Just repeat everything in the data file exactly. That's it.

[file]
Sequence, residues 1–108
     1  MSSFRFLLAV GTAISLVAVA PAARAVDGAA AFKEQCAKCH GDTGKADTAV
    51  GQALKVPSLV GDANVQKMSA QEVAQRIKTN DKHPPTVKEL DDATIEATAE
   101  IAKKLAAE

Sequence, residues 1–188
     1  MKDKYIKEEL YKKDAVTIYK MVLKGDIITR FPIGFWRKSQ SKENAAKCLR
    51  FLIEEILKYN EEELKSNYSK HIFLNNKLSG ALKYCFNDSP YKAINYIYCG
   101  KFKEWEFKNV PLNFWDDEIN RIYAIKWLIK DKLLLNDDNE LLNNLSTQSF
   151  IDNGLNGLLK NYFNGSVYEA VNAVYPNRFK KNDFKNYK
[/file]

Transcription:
Sequence, residues 1–108
     1  MSSFRFLLAV GTAISLVAVA PAARAVDGAA AFKEQCAKCH GDTGKADTAV
    51  GQALKVPSLV GDANVQKMSA QEVAQRIKTN DKHPPTVKEL DDATIEATAE
   101  IAKKLAAE

Sequence, residues 1–188
     1  MKDKYIKEEL YKKDAVTIYK MVLKGDIITR FPIGFWRKSQ SKENAAKCLR
    51  FLIEEILKYN EEELKSNYSK HIFLNNKLSG ALKYCFNDSP YKAINYIYCG
   101  KFKEWEFKNV PLNFWDDEIN RIYAIKWLIK DKLLLNDDNE LLNNLSTQSF
   151  IDNGLNGLLK NYFNGSVYEA VNAVYPNRFK KNDFKNYK